Now that we know the state of play, we ask the big question: can the automotive sector thrive? Mark, Sally & Drew reflect on what they’ve learned on their journey.
In thirty years the Web has grown into the foundation of civilisation – but can we make the Web more useful, more private – and more human? That’s a question that Sean White, Chief Research & Development Officer at browser-maker Mozilla continually considers. The answer is evolving.
Some of the answer lies with new Web technologies, like Sir Tim Berners-Lee’s Solid project. And plenty of the answer lies within ourselves, as our use of the Web evolves.
It’s the birth of ‘fabless’ production – manufacturing without huge capital investment. Will we be able to design a car ourselves – inexpensively and safely?
Virtual Reality roared back to life this decade due to the efforts of visionary teenager Palmer Luckey. Luckey built Oculus, sold to Facebook for $3 billion – then got fired.
Blake Harris’ wonderful book The History of The Future: Oculus, Facebook and the Revolution That Swept Virtual Reality served as the foundation for this episode – a true life story of triumph and tragedy. It’s a rip roaring good read. Grab a copy here.
Is our transportation future a sleek clean sci-fi vision or a Max Max redux with added robotics? Could it be hell on wheels – or heaven on earth? Mark, Sally and Drew each explore their own versions of the perfect – and less-than-perfect automotive worlds to come.
In the 1970s computers went from huge, expensive and difficult to cute, affordable and fun. Our world emerges from that transformation.
NYU professor Dr. Laine Nooney studies the culture of computing – its origins and how it became both “domestic”, as it entered the home, and “personal” – as it entered our lives.
Waste? Not! Designing cars for near-perfect recycling – is it even possible, or do the next billion end up as junk? How do we rethink a sustainable future around billions of automobiles? And can EVs promise zero carbon emissions?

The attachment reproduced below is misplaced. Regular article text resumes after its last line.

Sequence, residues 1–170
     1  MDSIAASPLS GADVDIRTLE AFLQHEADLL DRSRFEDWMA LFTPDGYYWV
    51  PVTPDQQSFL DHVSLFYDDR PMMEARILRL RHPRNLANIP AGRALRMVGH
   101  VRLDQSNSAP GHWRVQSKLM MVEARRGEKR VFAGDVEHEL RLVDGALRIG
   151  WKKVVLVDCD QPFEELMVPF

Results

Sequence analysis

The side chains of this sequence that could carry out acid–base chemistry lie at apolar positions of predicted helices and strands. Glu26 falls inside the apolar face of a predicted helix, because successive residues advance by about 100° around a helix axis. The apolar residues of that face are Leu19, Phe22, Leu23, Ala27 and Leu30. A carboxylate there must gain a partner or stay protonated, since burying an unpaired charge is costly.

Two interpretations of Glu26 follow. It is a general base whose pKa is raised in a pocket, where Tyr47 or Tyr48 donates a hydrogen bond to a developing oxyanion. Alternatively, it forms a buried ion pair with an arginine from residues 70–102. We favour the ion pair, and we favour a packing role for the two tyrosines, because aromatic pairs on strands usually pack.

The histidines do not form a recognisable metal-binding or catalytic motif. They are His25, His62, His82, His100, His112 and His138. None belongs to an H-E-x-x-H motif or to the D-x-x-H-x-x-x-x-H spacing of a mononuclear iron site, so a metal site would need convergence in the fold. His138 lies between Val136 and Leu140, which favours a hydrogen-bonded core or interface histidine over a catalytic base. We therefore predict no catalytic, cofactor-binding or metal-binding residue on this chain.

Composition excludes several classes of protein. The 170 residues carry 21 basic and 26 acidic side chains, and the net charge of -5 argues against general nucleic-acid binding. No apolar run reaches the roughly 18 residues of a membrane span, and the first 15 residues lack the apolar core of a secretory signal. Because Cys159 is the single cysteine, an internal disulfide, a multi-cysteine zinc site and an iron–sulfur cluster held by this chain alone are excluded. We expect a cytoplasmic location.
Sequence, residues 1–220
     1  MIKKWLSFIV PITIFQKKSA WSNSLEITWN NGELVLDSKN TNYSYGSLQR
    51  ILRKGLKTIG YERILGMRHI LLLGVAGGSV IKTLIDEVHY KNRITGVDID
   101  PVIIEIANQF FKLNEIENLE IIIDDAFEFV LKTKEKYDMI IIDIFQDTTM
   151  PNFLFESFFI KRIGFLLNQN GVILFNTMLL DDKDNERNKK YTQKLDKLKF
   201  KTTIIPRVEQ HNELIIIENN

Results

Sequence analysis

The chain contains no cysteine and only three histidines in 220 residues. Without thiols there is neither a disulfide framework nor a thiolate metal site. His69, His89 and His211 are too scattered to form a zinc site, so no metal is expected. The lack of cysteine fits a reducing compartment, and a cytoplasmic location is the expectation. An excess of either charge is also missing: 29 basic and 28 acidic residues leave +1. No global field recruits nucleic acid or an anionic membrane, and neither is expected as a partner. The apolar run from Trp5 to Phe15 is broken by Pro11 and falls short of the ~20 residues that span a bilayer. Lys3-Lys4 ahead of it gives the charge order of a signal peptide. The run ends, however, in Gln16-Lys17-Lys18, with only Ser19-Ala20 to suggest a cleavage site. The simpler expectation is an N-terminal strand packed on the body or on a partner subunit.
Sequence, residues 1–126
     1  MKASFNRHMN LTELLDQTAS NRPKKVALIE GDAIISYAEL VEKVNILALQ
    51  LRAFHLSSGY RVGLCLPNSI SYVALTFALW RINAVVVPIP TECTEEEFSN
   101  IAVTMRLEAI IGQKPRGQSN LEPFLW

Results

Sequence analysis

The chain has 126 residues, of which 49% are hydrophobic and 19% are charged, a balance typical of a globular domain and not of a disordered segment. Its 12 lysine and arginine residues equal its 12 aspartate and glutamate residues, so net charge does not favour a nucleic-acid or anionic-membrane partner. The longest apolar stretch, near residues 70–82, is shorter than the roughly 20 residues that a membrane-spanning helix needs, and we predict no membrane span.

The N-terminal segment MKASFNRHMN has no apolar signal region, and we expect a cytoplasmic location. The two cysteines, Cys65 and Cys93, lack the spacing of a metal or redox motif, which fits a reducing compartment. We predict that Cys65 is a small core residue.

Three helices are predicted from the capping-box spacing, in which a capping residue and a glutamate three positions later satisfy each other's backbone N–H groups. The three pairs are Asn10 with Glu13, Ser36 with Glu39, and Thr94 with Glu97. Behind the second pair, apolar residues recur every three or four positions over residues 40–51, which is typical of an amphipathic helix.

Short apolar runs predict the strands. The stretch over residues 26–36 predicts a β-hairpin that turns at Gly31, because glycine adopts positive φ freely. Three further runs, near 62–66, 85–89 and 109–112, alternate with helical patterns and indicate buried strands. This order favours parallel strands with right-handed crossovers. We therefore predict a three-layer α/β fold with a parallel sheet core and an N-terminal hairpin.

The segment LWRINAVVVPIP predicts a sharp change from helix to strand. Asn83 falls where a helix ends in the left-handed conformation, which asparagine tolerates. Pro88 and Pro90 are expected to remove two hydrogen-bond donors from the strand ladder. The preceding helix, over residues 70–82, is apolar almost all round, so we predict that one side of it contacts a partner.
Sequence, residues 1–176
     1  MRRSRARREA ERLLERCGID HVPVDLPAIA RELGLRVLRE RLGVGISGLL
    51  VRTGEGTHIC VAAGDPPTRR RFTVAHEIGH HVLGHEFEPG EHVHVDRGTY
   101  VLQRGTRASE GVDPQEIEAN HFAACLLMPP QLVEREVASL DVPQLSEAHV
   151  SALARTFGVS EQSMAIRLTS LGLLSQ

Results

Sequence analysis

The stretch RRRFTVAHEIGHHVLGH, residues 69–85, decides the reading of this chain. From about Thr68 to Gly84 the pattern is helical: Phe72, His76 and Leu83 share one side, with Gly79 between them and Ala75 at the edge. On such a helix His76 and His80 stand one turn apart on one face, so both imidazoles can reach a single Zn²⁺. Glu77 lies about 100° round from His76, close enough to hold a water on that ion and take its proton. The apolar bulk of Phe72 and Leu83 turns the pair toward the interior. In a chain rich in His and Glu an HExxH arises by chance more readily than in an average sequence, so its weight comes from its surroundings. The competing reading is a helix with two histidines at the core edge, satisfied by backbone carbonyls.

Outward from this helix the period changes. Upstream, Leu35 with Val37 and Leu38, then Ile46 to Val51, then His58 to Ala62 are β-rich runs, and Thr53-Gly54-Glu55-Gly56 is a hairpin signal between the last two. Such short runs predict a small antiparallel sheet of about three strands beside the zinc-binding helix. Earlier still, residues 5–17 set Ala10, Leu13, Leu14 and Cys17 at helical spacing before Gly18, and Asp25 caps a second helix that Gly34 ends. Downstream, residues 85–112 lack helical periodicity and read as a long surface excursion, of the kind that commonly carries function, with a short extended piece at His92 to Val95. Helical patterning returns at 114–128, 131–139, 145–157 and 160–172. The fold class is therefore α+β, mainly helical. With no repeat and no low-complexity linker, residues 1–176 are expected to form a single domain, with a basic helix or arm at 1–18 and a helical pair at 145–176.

Apps have turned us into ride-sharing, route-planning, ‘micromobility’ experts. We’re all passengers now, with more options than ever before.
LEK Partner Mark Streeting is an expert in ‘mobility-as-a-service’, a new term for the kind of seamless end-to-end transportation pioneered by Uber…
Special correspondent Drew Smith spoke with ZipCar co-founder Robin Chase about how the city has been defined by cars – and what it means to move past that into the age of passengers.
And co-host Sally Dominguez found an intriguing Chinese startup – Grove Hydrogen Automotive – building hydrogen-fuel-cell powered vehicles and offering them to drivers on a ‘subscription’ basis – as a path toward jump-starting hydrogen fueling infrastructure throughout the nation.
Will we cling to of the thrill of acceleration, rush of adrenaline, and roar of a petrol engine? Are we losing our emotional connection to the car?
Social media has been weaponised and is now used against nations as a tool of war – invisible, subtle, and dangerously destabilising. John Robb has spent over a decade studying how these new networks represent the new powers – and the new engines of war.
Some of John’s best writing goes to his Patreon supporters…
John writes the amazing Global Guerrillas blog – you should check it out.
John’s book Brave New War is quite good, too.
Transformations in autonomy & electrification give automobile designers a new palette of possibilities – does our experience of driving change?
Drew Smith talks to BMW design legend Chris Bangle about what it took to design the REDSPACE urban car for the Chinese market. And here’s a video where he’s talking at the Art Center College for Design in Pasadena (Chris’s alma mater, and the school that graduates most of the world’s top car designers):
Mark and Sally sat down at the North American International Auto Show for a long interview with recently-retired Ford design legend Elizabeth Baron, about what it took to combine the real and virtual design processes into a seamless whole.
Finally, Sally learns about the design possibilities created by autonomous vehicles from Luciano Nakamura, one of the founders of Australian startup AEV Robotics.